Jimmy Carter, from the cover of the book

In libreria

A precarious equilibrium

by Umberto Tulli

25 maggio 2020
Versione stampabile

In January 1981, just days before Jimmy Carter left the White House, many of the president's officials were well satisfied with the administration's campaign to promote human rights. But as commentators, scholars, and the incoming president began to critique Carter's bipolar policy, it became clear that Carter had not only failed to persuade the American public that he had a clear grasp on the international role of the US, but he failed to build a lasting domestic consensus on foreign policy.

The Carter administration aimed to renew its ideological challenge to the USSR through human rights and to persuade the Soviets to ease internal repression in order to strengthen Congressional support for détente and arms control. Contrary to what he envisioned, the more vigorously the White House pursued a pro-human rights agenda, the more the Soviets lost interest in détente; the more the administration relegated human rights to quiet diplomacy, the more critics within the United States accused the President of abandoning his commitment to human rights. In the end, the White House lost the opportunity to stabilise bipolar relations and the domestic support Carter had managed to garner in 1976. Critics of détente, helped by the Iran hostage crisis and the Soviet invasion of Afghanistan, defeated him.

Based on recently declassified archival documents, A precarious equilibrium offers a fresh interpretation of President Jimmy Carter's human rights policy and its contradictory impact on US-Soviet affairs.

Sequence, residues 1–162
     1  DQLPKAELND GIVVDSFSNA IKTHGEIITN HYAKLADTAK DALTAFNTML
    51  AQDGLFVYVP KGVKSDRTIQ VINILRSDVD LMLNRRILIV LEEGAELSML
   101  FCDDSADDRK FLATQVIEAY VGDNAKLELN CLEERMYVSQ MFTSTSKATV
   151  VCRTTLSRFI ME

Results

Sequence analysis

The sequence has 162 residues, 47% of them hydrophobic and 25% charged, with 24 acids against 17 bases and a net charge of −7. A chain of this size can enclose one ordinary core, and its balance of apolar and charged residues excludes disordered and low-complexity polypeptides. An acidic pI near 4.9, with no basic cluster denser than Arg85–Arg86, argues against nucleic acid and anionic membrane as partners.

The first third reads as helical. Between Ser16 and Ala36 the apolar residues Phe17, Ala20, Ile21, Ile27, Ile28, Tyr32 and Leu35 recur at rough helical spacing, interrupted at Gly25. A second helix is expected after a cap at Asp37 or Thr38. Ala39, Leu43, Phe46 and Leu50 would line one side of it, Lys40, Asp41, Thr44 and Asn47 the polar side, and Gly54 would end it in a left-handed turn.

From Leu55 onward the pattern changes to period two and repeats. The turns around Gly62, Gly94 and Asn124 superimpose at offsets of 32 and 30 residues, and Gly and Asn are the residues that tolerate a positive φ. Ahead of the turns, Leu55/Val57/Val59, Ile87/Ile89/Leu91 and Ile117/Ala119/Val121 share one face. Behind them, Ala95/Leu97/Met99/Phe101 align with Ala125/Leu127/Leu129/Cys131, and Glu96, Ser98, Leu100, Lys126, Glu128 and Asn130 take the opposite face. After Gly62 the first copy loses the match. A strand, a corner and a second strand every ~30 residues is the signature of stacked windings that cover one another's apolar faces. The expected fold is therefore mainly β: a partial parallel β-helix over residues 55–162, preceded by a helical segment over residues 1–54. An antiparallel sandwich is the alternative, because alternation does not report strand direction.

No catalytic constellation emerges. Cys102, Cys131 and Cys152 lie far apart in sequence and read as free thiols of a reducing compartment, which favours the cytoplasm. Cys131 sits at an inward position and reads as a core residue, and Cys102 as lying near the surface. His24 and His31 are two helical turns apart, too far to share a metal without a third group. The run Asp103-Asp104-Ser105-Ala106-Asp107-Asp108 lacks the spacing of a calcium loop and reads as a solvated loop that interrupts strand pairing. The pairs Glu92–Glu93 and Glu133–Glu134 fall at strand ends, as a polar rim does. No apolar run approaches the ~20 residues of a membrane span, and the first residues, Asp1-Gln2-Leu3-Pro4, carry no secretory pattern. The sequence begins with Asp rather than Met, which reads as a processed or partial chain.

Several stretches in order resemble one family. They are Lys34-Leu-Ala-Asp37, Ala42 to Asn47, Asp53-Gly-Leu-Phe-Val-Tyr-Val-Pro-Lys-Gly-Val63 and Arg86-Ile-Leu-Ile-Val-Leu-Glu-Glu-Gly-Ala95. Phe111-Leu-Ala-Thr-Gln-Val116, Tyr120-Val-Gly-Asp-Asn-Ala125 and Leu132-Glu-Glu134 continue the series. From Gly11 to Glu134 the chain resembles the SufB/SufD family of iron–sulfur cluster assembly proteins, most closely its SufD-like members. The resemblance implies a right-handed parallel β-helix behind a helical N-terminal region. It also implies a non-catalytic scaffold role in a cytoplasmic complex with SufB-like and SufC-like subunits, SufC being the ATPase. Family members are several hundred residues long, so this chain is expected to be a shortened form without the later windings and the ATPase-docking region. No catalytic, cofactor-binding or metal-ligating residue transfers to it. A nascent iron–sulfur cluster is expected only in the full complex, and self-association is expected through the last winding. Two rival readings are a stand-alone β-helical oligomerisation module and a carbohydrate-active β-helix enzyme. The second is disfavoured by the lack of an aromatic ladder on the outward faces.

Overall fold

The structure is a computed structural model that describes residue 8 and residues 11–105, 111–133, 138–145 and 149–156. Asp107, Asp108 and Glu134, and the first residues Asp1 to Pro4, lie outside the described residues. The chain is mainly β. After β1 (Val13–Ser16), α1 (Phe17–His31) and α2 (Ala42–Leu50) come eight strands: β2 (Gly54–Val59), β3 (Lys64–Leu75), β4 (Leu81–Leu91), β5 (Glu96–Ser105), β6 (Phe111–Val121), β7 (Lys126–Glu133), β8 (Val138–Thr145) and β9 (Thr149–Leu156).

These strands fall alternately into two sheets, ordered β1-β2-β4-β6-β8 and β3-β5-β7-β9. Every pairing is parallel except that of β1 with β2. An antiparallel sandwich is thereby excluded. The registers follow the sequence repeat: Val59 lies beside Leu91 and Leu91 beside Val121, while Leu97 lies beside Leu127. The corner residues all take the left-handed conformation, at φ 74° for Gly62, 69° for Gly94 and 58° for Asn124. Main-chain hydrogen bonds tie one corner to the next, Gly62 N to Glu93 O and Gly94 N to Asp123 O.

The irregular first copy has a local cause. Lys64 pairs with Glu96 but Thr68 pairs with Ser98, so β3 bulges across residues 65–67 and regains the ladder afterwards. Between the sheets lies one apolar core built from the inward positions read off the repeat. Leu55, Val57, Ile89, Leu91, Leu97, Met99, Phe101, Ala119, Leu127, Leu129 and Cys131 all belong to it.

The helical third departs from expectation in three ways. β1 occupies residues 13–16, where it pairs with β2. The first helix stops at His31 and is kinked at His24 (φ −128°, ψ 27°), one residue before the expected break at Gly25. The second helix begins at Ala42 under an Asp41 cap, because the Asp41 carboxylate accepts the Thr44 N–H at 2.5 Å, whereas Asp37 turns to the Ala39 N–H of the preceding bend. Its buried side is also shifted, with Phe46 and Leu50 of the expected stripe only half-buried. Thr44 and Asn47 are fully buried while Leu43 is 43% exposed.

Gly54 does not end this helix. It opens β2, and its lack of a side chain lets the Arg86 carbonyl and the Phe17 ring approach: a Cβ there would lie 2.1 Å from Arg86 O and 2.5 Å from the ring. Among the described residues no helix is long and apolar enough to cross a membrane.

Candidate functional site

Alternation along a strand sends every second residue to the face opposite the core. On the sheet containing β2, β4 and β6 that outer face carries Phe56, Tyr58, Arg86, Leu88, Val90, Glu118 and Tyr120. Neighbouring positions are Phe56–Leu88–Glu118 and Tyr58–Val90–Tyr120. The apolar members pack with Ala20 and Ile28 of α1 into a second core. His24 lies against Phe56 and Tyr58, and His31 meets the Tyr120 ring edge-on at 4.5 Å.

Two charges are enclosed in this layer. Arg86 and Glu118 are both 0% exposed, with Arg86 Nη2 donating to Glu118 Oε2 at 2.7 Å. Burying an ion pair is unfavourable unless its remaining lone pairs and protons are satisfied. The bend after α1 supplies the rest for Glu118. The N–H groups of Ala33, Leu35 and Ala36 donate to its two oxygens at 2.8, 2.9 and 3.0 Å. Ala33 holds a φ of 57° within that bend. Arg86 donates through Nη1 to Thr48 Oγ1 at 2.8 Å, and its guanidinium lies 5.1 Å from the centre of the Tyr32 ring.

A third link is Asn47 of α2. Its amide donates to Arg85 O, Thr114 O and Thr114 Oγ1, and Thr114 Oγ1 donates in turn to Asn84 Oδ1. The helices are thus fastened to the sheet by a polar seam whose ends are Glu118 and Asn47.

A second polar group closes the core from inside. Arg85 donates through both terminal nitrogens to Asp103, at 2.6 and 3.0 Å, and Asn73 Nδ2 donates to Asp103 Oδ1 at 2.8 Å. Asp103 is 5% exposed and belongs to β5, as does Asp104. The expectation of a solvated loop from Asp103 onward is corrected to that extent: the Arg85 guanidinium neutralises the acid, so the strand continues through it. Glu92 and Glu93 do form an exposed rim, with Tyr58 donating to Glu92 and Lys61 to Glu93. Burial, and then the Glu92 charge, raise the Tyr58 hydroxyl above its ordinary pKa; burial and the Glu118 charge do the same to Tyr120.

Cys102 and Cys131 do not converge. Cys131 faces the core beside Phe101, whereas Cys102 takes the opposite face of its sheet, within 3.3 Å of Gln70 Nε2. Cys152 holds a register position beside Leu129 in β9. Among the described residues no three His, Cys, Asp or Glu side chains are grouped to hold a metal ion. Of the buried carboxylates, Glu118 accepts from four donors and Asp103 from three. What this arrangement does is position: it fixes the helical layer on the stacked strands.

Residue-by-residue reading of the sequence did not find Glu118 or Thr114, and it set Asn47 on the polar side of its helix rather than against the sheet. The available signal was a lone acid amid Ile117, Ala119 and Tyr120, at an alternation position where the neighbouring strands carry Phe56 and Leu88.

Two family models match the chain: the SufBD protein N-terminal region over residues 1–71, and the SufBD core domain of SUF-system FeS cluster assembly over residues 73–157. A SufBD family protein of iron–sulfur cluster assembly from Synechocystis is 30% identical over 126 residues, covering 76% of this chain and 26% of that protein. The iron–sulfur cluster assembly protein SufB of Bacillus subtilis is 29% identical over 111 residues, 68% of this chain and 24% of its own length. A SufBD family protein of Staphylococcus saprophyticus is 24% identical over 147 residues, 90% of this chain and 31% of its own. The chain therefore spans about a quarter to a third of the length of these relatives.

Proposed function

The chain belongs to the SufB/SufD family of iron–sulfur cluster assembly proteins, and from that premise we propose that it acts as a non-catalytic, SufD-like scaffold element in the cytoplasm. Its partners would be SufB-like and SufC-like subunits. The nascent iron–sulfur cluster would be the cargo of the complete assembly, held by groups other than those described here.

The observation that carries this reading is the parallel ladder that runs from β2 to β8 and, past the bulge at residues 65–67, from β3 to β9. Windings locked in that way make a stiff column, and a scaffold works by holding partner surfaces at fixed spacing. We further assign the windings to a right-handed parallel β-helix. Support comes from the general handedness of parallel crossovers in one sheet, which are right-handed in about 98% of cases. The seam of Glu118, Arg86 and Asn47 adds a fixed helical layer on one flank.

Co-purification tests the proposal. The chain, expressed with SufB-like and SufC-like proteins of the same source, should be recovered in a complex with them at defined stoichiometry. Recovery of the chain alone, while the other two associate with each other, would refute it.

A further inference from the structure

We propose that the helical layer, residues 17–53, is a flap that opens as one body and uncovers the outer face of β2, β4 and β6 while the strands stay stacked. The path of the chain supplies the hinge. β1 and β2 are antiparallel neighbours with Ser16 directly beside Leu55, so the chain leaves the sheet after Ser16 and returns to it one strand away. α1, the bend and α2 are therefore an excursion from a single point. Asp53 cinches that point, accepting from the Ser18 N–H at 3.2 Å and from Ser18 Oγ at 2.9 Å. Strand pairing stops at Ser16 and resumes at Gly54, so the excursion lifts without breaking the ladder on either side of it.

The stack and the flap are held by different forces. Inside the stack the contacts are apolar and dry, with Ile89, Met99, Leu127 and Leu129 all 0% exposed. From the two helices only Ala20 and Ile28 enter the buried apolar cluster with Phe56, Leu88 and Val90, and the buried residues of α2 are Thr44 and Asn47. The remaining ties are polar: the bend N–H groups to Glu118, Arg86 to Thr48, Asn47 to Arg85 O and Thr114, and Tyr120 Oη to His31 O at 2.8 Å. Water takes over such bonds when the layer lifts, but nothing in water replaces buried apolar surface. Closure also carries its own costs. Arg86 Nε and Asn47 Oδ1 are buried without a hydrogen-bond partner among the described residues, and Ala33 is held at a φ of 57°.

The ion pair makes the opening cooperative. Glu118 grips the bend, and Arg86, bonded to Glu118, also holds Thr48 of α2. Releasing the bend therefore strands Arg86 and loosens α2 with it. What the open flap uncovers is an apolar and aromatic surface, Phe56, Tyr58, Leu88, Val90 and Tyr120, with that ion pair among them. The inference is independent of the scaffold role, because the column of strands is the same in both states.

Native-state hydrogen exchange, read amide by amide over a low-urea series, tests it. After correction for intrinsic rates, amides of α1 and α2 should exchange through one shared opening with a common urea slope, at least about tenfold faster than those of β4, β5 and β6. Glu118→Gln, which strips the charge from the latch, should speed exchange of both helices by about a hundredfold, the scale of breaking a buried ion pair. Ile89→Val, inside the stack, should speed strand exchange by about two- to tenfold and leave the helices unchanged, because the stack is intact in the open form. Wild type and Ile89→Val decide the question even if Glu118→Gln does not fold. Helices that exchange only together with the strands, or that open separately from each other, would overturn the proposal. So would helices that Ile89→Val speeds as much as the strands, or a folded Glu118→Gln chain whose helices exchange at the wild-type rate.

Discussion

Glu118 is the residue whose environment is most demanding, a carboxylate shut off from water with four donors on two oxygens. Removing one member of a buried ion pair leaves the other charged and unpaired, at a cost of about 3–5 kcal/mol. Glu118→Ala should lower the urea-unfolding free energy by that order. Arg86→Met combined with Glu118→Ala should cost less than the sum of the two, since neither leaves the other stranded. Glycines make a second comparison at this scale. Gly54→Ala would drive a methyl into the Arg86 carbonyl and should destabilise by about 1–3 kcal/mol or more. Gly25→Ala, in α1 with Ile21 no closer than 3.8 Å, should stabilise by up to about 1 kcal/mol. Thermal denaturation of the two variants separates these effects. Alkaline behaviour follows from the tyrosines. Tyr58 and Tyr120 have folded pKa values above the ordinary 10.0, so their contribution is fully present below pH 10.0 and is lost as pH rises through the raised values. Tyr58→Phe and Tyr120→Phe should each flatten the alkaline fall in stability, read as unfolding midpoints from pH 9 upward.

Umberto Tulli is a Teaching Fellow at the University of Trento, School of International studies

From Introduction (Pag.1-5)

In January 1981, just days before Jimmy Carter left the White House, many of the president’s officials were well satisfied with the campaign promoting human rights and its accomplishments. According to Lincoln Bloomfield, who dealt with the issue at the National Security Council (NSC), Carter’s human rights policy “represented the clearest change from policies pursued by the previous two administrations. It produced some of the most notable moral and political successes” and was a “definite plus for the United States in its international position”. Nevertheless, he admitted, the policy had also “generated the sharpest criticism” and was “the one least likely to be followed” by the incoming Reagan administration. […]

This book is based on three main ideas. First, it aims at placing Carter’s foreign policy and his human rights initiative in the Cold War context. The Cold War was the central reality of Carter’s foreign policy; the president himself “was a Cold Warrior from day one” who never abandoned anticommunism, as Nancy Mitchell wrote. From his first days in office, for example, Carter sought to elaborate a new SALT proposal to limit the arms race and check Soviet rearmament. He did not overlook the deployment of Soviet SS- 20 missiles, which began in 1976 and ended in 1979, and the need to elaborate a NATO response. He proposed that NATO Allies increase their defence spending. He also followed with anxiety the growing Soviet (and Cuban) military intervention in the Horn of Africa. Even strategic and military decisions that, to many, represented Carter’s conversion to containment after the Soviets invaded Afghanistan began well before the invasion. Moreover, the White House was keen on completing normalization with China, an action to which the White House attached great geopolitical meaning. Similarly, Carter’s proclaimed global and total commitment to human rights was calibrated to the Soviet Union and its violations of human rights. Even domestic politics did not allow Carter to overlook bipolar relations. Controversy over Soviet and Cuban adventurism in Africa, the Committee on the Present Danger, the political storm over Paul Warnke’s double appointment to the head of both the United States Arms Control and Disarmament Agency and the SALT negotiations team, and protests over the presence of a Soviet Brigade in Cuba  – all these were reminders that many Americans still believed the Cold War to be an appalling reality.